Throughout his preaching, The Nazarene repeatedly returns to the notion of hypocrisy, and generally speaking I think that this has carried over into the improper, in my view, exegesis of John 8 as yet another condemnation of hypocrites. And I think that there is an element of that. But I also think it's important to note that John 8 is without parallels in the other gospels. The story is not sourced from anywhere but the Johannine community and their traditions. As such, I think it is a bit more revealing than yet another condemnation of hypocrisy.

Of all the gospels, John is the most in keeping with the Gnostic Christians like Marcion. It is also the most in line with the philosophy of stoicism, and the mysticism of gnostics from whom the notion that Jesus was always a part of the godhead and had come to redeem a world that was imperfect, is blended in John with the notions of the stoics that the ultimate truth is the knowledge of logos, The Word, through a disciplined quest for personal improvement in controlling ones passions and transforming them into a state of inner calm. The Word for the stoics was the reasonableness inherent in all things, and it was through this pursuit of reason that stoics believed the good was instituted in the soul. John identifies The Word, the logos, the reason of all things, with The Nazarene.

Weekend Reading: Online Fiction and Online Funded Fiction Addition

In a previous Weekend Reading, I talked about how surprised I was to be enjoying Queen of the Iron Sands by Scott Lynch. Sadly, that serial falls apart precipitously in chapter 3, right when the heroin arrives on Mars, but the first two chapters are fun reading.

For more reliable online reading check out Catherynne Valente's online fairy tale novel The Girl Who Circumnavigated Fairyland, a novel serialized weekly which is supplemental (but not directly connected to) her highly praised first novel Palimpsest. Fairyland was recently bought by a mainstream YA publisher based on its online popularity.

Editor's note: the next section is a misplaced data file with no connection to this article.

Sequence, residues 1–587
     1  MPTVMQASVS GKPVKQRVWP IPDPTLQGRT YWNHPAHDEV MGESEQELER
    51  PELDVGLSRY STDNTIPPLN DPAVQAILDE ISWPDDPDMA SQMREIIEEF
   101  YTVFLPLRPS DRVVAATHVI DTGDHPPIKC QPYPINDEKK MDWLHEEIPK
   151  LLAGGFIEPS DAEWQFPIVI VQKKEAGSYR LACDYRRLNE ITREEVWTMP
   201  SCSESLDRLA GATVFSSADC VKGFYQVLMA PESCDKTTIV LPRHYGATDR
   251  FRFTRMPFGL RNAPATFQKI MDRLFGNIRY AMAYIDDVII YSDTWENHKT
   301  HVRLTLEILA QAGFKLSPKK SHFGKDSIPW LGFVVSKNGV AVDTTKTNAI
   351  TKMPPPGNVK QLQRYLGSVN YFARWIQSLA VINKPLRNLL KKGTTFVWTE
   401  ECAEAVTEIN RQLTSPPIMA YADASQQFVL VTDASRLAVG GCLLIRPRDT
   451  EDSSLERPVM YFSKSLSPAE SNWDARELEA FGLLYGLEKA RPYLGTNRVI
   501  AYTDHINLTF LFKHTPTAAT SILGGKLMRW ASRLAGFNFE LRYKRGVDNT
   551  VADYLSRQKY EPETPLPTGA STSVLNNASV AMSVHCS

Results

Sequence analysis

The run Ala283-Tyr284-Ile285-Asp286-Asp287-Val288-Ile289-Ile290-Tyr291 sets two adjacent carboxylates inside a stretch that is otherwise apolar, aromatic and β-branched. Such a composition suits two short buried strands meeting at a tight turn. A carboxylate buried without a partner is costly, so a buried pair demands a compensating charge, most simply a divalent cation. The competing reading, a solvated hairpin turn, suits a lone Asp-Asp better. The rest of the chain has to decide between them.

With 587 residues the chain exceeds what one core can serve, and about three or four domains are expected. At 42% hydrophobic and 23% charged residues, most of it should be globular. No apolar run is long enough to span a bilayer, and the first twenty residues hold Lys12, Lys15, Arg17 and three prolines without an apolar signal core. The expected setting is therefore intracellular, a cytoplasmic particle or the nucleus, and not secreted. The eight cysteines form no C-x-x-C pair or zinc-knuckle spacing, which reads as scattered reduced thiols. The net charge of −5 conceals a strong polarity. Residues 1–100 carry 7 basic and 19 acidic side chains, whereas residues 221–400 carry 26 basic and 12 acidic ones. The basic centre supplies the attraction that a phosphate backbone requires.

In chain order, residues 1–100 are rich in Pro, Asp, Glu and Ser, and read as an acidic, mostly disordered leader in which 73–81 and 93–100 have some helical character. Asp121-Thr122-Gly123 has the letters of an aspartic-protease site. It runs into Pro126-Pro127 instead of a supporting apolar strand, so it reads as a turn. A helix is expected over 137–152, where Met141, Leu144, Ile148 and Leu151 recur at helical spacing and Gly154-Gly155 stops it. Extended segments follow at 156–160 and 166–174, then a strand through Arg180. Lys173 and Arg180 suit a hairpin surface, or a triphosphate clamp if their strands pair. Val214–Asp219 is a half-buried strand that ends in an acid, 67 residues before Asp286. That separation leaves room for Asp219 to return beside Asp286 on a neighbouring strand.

Hal Duncan has recently engaged in an intresting experiment, releasing samples of short stories along with requests for donations. Every donor gets emailed a copy of the completely short story, and if a certain threshold of total money is reached the story is put on the website for everyone. So far all three stories he has attempted this with have met their thresholds, and all three of the stories he has done this with are currently available for public download. Hal Duncan is the author of the novels Escape from Hell, Vellum and Ink, and he is an excellent writer.

A more remarkable case of public financing can be found on Kickstarter, where blogger Robin Sloan has raised nearly $15,000 (!) to fund the writing of his first novel. What's remarkable about this to me is that, unlike Duncan and Valente, Sloan has no traditional publishing credits, and raised this money simply on the popularity of his blog, some short stories he sold himself on Amazon, and his own pitch, which consists of text, a video, and a writing blog. For different amounts of money you can get different "pledge packs" ranging from ebooks of the novel, physical copies of the novel, "behind-the-scenes" updates of him writing, and more. $15,000 is more than a lot of first time novelists get as an advance.

For a regular source of great online short fiction, has become a consistently reliable source. One killer recomendation? Errata by Jeff Vandermeer, which alone cements for me Vandermeer's position as one of the finest writers working right now. All short stories all also available for download in various formats, including ePub for easy ebook reader enjoyment. (With any luck, as ebook readers become more ubiquitous ePub versions of online fiction will become standard.)

And finally, free ebooks are available of Soviet Science Fiction masters the Strugatsky Brothers, so get 'em while they're hot!

National Novel Writing Month Redux

Three years ago, I wrote a post on this site called "Why I Hate National Novel Writing Month and Why You Should Too". Every year since then, as November draws near, that post is inundated with angry comments from NaNoWriMo'ers clamoring about my elitism, egotism, negativity, cynicism, bitterness, pretension, and at least in one case there was an implied comparison between (my impression of) NaNoWriMo'ers and terrorists ("notify Homeland Security!"). Not to mention the various trolls who simply hurled profanities at me, comments which I then deleted. The post has become the single most visited and the many-times-over most commented one on this site. There was even a reporter from an in-flight airline magazine who interviewed me about the subject a couple years back, and asked such insightful questions as "Why do you care? How does NaNoWriMo affect you, anyway?"